Hey guys! It’s a few days out from my flight to Merida so it’s time to start preparing. Here are a few tips on things to bring and NOT to bring on this trip. First thing to know about Merida is that it is hot, hot, HOT. Not only that, it’s also very humid. This means that the main attire will be t-shirt/tank top, shorts, and comfy walking shoes. DON’T bring a lot of heavy sweaters and jackets, because even at night, it’s not cold enough to wear those. There will be one fancy thank you lunch for the lovely host mamás at the end of the trip so pack at least one nice outfit (button up shirt, sundress and sandals, something along those lines).

I’ve never been on a trip that I didn’t over pack for, so of course, I packed over 30 shirts and more than 10 pairs of shorts. This is definitely not necessary, as there are laundromats near the houses you will staying at as well as laundry machines in some of the houses, but it’s always better to be safe than sorry!

Also, don’t forget a swimsuit because there will be MANY trips to the beach, both spontaneous trips to the beach 45 minutes away from Merida and planned program-wide excursions to different beaches along the Yucatan Peninsula. Along with a swimsuit, it’s a good idea to bring a towel, sunscreen*, and some flip-flops.

Even though it’s hot in Merida, that doesn’t mean there isn’t rain. There will definitely be thunder and lightning storms so be sure to bring an umbrella and rain jacket to pull out when necessary. Along with rain comes mosquitos, so don’t forget insect repellant to help protect from bites, otherwise you’ll be itching all night long.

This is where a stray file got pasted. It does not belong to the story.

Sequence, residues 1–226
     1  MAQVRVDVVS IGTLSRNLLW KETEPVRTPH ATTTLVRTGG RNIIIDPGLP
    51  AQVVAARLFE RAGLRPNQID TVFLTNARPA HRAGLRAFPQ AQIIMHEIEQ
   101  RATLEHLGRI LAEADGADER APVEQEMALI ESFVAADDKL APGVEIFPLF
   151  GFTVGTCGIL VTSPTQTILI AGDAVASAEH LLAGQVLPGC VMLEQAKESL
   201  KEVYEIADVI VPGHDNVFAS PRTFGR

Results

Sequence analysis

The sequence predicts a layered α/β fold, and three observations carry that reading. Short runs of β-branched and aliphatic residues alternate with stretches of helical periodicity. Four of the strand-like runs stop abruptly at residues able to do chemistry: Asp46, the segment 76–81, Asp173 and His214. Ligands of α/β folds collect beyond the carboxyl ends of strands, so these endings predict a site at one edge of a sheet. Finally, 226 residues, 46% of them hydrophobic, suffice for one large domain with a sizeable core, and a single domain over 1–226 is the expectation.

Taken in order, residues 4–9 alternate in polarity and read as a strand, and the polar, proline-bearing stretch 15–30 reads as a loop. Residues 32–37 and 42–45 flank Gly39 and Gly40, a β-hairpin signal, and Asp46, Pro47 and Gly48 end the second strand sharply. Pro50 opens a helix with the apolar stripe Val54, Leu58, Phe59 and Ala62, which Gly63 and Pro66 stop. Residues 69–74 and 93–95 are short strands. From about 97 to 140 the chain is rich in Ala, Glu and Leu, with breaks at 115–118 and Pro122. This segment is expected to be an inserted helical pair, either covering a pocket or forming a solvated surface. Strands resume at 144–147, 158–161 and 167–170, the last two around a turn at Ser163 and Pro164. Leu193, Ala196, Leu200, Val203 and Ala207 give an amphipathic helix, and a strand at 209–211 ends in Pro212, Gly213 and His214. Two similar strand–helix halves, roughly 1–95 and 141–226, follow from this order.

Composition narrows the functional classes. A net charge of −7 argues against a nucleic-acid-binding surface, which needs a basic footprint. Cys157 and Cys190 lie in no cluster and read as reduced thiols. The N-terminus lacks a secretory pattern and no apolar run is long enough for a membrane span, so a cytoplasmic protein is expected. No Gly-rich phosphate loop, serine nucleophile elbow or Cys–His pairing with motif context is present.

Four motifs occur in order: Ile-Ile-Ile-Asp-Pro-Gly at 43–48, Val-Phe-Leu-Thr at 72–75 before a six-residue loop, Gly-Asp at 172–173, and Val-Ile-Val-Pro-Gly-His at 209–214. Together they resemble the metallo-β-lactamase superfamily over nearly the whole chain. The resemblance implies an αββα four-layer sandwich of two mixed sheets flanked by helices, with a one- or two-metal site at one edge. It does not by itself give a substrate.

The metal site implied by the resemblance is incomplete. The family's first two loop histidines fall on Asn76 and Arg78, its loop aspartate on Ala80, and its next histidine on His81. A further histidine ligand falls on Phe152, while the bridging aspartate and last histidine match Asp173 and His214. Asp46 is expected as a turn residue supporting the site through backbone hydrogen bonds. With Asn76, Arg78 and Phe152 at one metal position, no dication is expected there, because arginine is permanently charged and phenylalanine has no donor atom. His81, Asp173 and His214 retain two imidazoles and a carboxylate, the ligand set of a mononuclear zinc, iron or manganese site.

Of course, there is also the school side to this program, so be sure to prepare any materials for class that you might need, like notebooks, textbooks, and pencils/pens. While talking about school, I would advise that you try and finish all the homework you can before the program, as this will leave you more time to explore and experience the city while there.

Don’t forget to leave a little extra space in the suitcases in case you’re looking to buy some souvenirs while in Mexico.

Make sure to check with your doctor to get any prescriptions filled that you may need on the trip and make sure you keep them in their original bottle so you don’t have trouble with airport security.

A few logistical things that may need to be done.

  1. Make that you have a passport that won’t expire until at least 6 months after the trip. And if you don’t have a passport, make sure to get one (or a visa) ASAP!
  2. Check with your bank to convert some dollars to pesos for your trip, or ask about their policy for getting money out of the ATMs in Mexico (transaction fees and such).
  3. Check with your phone company about their policy for using data, texting, and calling in Mexico because you might have a plan that can be used in Mexico with no extra fees. 

With my bags packed and flight checked into, I’m extremely excited for this trip and can’t wait to have you guys follow along as I spend the next month in Mexico!

*There is a trip to Xcaret where biodegradable sunscreen is the only type that you can bring in, so it may be a good idea to check Amazon for acceptable brands. Alternatively, you can just buy sunscreen when in Xcaret. 

Andrea Zheng studied abroad in Merida in Summer 2019.